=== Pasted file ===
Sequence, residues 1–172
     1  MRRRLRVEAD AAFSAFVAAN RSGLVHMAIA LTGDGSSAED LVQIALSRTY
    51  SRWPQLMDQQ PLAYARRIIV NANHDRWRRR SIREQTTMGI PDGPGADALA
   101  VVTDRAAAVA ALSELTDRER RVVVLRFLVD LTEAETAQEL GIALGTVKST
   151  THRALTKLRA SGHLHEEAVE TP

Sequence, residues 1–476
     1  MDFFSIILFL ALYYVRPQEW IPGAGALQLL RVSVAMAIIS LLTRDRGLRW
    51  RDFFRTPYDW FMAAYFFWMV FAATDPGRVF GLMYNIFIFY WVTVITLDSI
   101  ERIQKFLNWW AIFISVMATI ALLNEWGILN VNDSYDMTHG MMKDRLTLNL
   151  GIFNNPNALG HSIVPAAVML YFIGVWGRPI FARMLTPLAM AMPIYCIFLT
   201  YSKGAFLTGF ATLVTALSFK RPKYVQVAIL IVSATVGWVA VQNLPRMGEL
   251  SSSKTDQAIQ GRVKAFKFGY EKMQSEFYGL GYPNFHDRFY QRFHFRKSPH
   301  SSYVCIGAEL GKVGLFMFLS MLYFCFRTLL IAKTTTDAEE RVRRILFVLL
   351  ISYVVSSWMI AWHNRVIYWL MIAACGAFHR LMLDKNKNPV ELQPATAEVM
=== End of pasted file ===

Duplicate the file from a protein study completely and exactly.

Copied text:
Sequence, residues 1–172
     1  MRRRLRVEAD AAFSAFVAAN RSGLVHMAIA LTGDGSSAED LVQIALSRTY
    51  SRWPQLMDQQ PLAYARRIIV NANHDRWRRR SIREQTTMGI PDGPGADALA
   101  VVTDRAAAVA ALSELTDRER RVVVLRFLVD LTEAETAQEL GIALGTVKST
   151  THRALTKLRA SGHLHEEAVE TP

Sequence, residues 1–476
     1  MDFFSIILFL ALYYVRPQEW IPGAGALQLL RVSVAMAIIS LLTRDRGLRW
    51  RDFFRTPYDW FMAAYFFWMV FAATDPGRVF GLMYNIFIFY WVTVITLDSI
   101  ERIQKFLNWW AIFISVMATI ALLNEWGILN VNDSYDMTHG MMKDRLTLNL
   151  GIFNNPNALG HSIVPAAVML YFIGVWGRPI FARMLTPLAM AMPIYCIFLT
   201  YSKGAFLTGF ATLVTALSFK RPKYVQVAIL IVSATVGWVA VQNLPRMGEL
   251  SSSKTDQAIQ GRVKAFKFGY EKMQSEFYGL GYPNFHDRFY QRFHFRKSPH
   301  SSYVCIGAEL GKVGLFMFLS MLYFCFRTLL IAKTTTDAEE RVRRILFVLL
   351  ISYVVSSWMI AWHNRVIYWL MIAACGAFHR LMLDKNKNPV ELQPATAEVM